Why the NBA? The National Basketball Association was the first to shut down and seem to be at the forefront of taking control. Other sports leagues will follow their path. 

In addition, with the 2020 MLB season, players would need another two-week spring training period for conditioning and the schedule would need a major readjustment. That means doubleheaders that are rare on a schedule and a shortened season which are not the norm.

Again, that is speculation as we go day-by-day with this crisis and hope for the best.

Pitchers were at the point of throwing at speeds where they should be. The hitters, always behind the pitchers, they will need more time to catch up and that is usually the case during a normal spring training period..

Let’s say 81 games or fewer, instead of a regular 162-game slate and no All–Star game. Players would get paid when the season begins. 

Now, as understood, the MLBPA and  owners are working out details of the specifics as to their contracts and payment and pertaining to  details about pay scales in cases such as a national state of emergency.

The other sports will deal with specifics, perhaps not as complicated for the NHL and Major League soccer.  Boxing will resume with lucrative network deals and promotions at Top Rank, PBC, Matchroom, Golden Boy, and others.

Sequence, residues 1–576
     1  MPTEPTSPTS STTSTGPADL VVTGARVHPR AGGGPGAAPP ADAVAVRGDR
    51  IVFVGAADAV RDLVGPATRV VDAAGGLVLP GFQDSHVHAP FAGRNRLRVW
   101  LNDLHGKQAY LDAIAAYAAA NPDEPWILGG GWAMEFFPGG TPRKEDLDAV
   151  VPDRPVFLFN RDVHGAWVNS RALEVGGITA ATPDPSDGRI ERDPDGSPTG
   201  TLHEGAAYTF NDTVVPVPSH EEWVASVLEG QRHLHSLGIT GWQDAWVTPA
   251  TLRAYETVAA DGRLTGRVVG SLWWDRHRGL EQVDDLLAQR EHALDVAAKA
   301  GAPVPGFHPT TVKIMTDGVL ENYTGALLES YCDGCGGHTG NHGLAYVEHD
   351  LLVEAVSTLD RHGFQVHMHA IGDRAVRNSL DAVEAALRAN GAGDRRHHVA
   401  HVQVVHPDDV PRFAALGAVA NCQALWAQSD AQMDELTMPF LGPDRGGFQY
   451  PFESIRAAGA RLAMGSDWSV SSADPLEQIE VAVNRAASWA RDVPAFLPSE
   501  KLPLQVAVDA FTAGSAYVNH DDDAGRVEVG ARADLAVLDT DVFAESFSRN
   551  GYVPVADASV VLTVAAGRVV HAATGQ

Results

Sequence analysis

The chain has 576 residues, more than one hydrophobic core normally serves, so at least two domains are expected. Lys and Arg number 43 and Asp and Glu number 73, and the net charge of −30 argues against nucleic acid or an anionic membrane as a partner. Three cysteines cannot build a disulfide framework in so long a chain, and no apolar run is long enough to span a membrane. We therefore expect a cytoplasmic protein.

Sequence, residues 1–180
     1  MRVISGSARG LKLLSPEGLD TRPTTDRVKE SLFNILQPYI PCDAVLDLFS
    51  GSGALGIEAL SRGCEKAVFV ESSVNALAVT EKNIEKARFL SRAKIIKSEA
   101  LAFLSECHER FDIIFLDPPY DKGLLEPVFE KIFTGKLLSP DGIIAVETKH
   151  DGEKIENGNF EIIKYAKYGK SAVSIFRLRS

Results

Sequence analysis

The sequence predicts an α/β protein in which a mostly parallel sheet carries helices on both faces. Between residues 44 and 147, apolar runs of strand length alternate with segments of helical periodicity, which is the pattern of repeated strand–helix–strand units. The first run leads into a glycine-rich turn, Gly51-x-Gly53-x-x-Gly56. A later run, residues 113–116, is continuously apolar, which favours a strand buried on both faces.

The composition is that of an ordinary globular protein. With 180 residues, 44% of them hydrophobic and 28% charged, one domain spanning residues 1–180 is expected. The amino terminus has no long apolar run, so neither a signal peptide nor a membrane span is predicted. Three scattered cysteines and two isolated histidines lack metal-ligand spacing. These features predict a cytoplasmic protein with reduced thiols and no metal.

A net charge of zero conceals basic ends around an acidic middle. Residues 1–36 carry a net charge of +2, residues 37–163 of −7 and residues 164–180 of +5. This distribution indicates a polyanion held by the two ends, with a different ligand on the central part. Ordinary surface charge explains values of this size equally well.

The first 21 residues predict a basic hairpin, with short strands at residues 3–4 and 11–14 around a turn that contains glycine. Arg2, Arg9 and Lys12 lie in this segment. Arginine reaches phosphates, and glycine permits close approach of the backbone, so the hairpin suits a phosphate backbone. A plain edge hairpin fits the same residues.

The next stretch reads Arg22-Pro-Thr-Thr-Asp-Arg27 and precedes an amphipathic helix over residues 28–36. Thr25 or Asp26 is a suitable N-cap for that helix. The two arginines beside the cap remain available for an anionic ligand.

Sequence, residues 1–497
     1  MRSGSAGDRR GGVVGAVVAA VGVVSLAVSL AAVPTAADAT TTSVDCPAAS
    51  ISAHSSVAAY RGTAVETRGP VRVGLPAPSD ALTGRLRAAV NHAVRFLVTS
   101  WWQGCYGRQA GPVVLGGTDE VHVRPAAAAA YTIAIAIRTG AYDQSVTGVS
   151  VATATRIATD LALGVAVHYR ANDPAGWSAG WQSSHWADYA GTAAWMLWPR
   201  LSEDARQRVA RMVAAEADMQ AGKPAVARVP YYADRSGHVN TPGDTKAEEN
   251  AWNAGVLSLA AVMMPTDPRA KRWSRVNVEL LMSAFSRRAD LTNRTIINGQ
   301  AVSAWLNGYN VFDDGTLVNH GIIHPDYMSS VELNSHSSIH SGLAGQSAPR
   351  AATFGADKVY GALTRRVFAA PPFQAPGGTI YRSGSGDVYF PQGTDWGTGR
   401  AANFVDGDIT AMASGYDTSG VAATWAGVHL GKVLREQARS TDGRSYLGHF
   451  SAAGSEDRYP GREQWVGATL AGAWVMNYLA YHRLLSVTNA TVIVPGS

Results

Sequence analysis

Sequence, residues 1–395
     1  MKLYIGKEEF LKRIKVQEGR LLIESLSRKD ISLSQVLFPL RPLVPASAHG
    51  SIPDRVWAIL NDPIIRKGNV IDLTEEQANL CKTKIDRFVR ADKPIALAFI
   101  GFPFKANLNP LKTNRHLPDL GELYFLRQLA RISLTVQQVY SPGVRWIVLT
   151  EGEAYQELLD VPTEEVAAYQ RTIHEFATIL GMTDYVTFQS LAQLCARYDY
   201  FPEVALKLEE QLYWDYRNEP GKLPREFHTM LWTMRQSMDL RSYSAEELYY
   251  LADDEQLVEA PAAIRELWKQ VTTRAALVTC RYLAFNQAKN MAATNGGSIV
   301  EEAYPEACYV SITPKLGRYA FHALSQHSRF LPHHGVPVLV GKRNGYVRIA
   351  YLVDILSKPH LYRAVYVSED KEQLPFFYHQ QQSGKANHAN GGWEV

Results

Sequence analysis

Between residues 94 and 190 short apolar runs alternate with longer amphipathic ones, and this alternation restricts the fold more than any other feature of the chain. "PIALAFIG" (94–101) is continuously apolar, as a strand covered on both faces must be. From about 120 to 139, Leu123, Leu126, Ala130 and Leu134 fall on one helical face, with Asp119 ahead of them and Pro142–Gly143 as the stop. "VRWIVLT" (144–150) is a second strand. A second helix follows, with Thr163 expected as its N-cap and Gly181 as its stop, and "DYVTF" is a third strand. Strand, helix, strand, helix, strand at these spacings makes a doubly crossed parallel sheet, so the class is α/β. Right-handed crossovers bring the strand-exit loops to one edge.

They  will saturate the market with events every weekend for the boxing fan as the non mainstream fighters train at home and await their next payday. Most, if not all of the boxing gyms have been closed due to the pandemic.

The Kentucky Derby, Masters Golf Tournament, major events on the spring calendar, have announced they are rescheduling their major events to a later time.  

Still up in the air is how the USTA will handle the U.S. Open In Flushing Queens. That was scheduled for the later part of August. 

In the meantime some books to suggest to get your fix:

  • Staying Positive The Story of The Real Paul Banke (Boxing)
  • Once There Were Giants. The Golden Age of Heavyweight Boxing (Jerry Izenberg)
  • Inside Pitch. My Life As a Major League Closer (Skip Lockwood)

More to come in the coming days as we go through the pile with some of the best books and classic sports to view.